“Like a children’s fantasy book, a board game offers the opportunity to inhabit, however briefly, a different world — yes, to escape.
One type of escape is…that of one unjustly imprisoned…imaginations imprisoned behind bars which rattle but rarely budge. A fantasy world is the sharpened file smuggled inside the prisoner’s cake. Making games — like making stories — is part of that liberation, too.
In all my board games I strive to make it fun for the players to lose themselves in strange characters: Horrible, hungry bridge trolls (Bridge Troll); marauding troll-Vikings (Trollhalla); or cackling medieval pardoners preying on pilgrims wending their way to Canterbury (my adaptation of Chaucer in The Road to Canterbury). But my favorite of the bunch so far is Fantastiqa, a tribute to my love for fantasy literature ranging from Lord Dunsany to “The Phantom Tollbooth.”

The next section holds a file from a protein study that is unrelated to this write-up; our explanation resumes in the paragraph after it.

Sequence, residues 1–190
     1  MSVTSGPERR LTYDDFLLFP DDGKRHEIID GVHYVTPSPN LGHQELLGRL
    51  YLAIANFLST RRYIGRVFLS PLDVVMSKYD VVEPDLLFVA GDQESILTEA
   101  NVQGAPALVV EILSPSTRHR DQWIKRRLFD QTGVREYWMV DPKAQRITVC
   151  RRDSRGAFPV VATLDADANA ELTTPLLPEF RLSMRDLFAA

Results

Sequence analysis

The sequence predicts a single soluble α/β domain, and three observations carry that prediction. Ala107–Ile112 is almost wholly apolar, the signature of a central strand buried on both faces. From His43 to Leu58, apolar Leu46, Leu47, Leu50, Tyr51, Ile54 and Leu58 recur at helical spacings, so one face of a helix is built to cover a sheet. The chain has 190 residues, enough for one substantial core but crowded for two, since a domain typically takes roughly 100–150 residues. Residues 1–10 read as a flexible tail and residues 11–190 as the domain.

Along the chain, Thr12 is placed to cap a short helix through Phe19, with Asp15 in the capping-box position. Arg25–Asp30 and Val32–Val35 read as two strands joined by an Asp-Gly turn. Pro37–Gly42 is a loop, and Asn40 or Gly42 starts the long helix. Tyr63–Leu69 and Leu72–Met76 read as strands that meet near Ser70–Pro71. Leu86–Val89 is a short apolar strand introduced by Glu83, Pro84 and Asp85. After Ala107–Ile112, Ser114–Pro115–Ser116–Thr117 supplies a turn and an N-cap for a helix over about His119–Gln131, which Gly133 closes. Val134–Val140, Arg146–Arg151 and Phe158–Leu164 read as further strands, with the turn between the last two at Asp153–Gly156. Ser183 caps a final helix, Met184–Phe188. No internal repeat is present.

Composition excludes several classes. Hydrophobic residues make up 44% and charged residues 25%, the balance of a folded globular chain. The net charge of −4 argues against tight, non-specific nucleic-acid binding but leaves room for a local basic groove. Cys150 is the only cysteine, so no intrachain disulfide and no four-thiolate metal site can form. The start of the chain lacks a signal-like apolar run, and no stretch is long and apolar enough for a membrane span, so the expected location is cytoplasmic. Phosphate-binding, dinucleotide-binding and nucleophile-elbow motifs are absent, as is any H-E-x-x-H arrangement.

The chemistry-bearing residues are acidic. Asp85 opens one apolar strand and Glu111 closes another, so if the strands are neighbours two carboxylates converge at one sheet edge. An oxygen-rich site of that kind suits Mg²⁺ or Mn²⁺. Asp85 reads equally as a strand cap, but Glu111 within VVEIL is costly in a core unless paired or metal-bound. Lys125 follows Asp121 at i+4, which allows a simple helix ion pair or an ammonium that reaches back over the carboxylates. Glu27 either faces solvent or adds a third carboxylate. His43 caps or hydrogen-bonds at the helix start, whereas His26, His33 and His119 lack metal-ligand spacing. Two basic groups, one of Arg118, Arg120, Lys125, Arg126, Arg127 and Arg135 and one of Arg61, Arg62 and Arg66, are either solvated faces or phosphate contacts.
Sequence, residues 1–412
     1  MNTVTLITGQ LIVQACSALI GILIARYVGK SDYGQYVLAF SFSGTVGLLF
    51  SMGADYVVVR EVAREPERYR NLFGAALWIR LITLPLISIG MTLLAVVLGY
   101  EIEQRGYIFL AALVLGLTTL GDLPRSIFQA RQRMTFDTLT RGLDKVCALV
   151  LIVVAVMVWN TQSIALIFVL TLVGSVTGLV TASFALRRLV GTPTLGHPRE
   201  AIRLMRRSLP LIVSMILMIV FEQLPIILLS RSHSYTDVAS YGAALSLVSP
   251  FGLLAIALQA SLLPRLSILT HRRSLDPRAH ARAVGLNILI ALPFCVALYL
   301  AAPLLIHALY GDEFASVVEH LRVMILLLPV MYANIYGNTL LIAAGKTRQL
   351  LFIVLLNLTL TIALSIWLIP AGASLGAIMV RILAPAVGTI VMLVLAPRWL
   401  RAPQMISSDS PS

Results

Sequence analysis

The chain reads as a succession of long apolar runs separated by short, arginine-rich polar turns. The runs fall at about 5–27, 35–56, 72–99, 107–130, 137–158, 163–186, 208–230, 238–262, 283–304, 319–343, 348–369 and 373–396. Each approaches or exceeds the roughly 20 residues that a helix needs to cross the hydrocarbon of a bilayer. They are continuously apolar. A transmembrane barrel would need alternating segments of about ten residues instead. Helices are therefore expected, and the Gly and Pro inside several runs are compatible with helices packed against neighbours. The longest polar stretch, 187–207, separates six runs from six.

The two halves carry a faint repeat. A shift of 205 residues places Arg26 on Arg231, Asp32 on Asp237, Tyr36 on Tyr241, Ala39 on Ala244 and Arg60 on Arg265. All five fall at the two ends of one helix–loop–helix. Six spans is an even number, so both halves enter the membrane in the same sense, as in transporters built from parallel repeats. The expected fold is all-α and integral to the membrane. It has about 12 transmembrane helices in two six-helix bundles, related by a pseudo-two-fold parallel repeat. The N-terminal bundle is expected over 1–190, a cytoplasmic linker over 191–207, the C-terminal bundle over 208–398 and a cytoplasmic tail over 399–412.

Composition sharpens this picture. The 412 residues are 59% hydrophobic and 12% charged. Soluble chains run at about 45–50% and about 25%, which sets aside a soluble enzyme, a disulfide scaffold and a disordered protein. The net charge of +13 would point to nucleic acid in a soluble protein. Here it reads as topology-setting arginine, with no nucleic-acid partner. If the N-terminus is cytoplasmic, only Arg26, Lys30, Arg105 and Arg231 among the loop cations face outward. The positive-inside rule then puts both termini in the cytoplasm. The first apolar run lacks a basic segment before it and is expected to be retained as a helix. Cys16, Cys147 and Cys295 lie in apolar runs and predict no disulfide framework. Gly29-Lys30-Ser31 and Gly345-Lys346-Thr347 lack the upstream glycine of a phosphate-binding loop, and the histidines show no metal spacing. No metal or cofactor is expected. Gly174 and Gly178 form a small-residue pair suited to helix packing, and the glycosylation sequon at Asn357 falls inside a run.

In an age of hypermediation, there’s also something both quaint and deliciously subversive about an art form that requires its participants to sit face-to-face around a table in a shared space of play.”
— Alf Seegert, assistant professor of English